One of the front-runners – former Vice President Joe Biden, Massachusetts Sen. Elizabeth Warren and Vermont Sen. Bernie Sanders — may well win the Democratic nomination, but it is still far too early to declare everyone else out of contention.
What’s the rush to label the Democratic race a three-person contest?
New Jersey Sen. Cory Booker and Minnesota Sen. Amy Klobuchar had strong third-debate performances, and California Sen. Kamala Harris and South Bend, Indiana, Mayor Pete Buttigieg have top-tier qualities that could help them emerge from the crowd, depending how the three front-runners perform in the months ahead.
Just as important, the Democrats’ top tier is, well, fragile.
Sanders received almost half of the Democratic primary vote in 2016 but is now stuck in the mid-teens, largely confirming the assessment of many party strategists that he won’t have the same appeal the second time around, particularly given the very different field.
He still affects the race, of course, because he shares his populist rhetoric and agenda with Warren.
Warren has had three pretty good debates, and slowly but surely, she has gained some ground in the imaginary Democratic national primary since she kicked off her campaign.
But she’ll need to demonstrate even broader appeal and prove that she can dodge the obvious Republican assault that she is too far left to win a general election. The stronger she looks, the more scrutiny she will receive.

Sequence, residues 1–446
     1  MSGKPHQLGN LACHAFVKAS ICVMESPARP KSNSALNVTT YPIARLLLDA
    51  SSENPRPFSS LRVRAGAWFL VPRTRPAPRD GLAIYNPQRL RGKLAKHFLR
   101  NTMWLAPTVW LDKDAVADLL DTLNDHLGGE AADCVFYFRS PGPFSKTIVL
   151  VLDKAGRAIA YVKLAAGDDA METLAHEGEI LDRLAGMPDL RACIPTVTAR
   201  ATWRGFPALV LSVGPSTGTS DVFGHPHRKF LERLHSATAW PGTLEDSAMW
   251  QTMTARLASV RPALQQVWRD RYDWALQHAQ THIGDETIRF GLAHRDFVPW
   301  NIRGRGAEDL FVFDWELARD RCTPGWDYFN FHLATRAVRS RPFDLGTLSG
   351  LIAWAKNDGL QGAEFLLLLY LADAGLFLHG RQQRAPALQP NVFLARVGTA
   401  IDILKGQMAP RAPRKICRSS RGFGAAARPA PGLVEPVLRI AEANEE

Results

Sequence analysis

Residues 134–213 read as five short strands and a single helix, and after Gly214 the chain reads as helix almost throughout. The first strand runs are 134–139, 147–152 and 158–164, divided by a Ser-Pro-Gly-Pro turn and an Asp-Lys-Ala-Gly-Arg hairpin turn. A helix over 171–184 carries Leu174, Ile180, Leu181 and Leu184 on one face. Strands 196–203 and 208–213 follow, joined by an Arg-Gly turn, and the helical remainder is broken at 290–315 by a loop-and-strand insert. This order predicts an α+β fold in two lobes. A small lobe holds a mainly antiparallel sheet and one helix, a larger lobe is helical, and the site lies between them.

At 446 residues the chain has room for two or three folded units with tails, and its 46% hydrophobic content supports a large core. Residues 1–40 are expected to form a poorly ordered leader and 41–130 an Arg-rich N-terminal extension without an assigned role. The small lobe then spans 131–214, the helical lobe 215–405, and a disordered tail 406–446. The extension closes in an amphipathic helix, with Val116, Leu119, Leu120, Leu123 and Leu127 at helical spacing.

Biden is the pick of many Democrats looking for a safe choice against President Donald Trump, but his performance has been inconsistent (including in the last debate) and plays to those who see him as part of the party’s past, not its future.
His supporters must hold their breath every time he answers a question. To be sure, it’s possible that grassroots Democrats will simply overlook his verbal stumbles, just as GOP voters gave George H.W. Bush and George W. Bush passes when they were sloppy with their language.
It’s simply too early to know, but Biden will be put to the test many more times in debates and on the stump.
The former vice president’s reliance on the support of the African American community is a red flag, given the presence of two well-credentialed black candidates in the race in Harris and Booker.
Should Biden lose a chunk of that support, his campaign would be in serious trouble. Hillary Clinton had excellent support in the black community until Barack Obama won the Iowa caucuses in 2008, for instance.
In spite of the national media’s infatuation with long-shot hopefuls, it seems unlikely that businessman Andrew Yang, former HUD Secretary Julián Castro, Montana Gov. Steve Bullock and Hawaii Rep. Tulsi Gabbard are going anywhere in the race.
Businessman Tom Steyer is both very wealthy and very annoying. Former Texas Rep. Beto O’Rourke could break out, I guess, but he still hasn’t established he has any gravitas apart from the gun issue, where he has probably taken his party too far left for general election voters.
So, Democratic voters are likely to take their time sorting through the very large field as they look for someone they like, someone who has their values and views, and someone who is likely to defeat Trump.
Iowa, the first real test of campaign organization and candidate appeal, is still months away.
As for Trump, his national poll numbers from highly regarded pollsters remain stunningly bad. His job approval continues to sit in the 40 percent to 44 percent range, and his personal ratings are no better. His “strongly disapprove” job rating is near 50 percent, most polls show, a stunning number for someone presiding over a healthy economy with low unemployment and wage growth.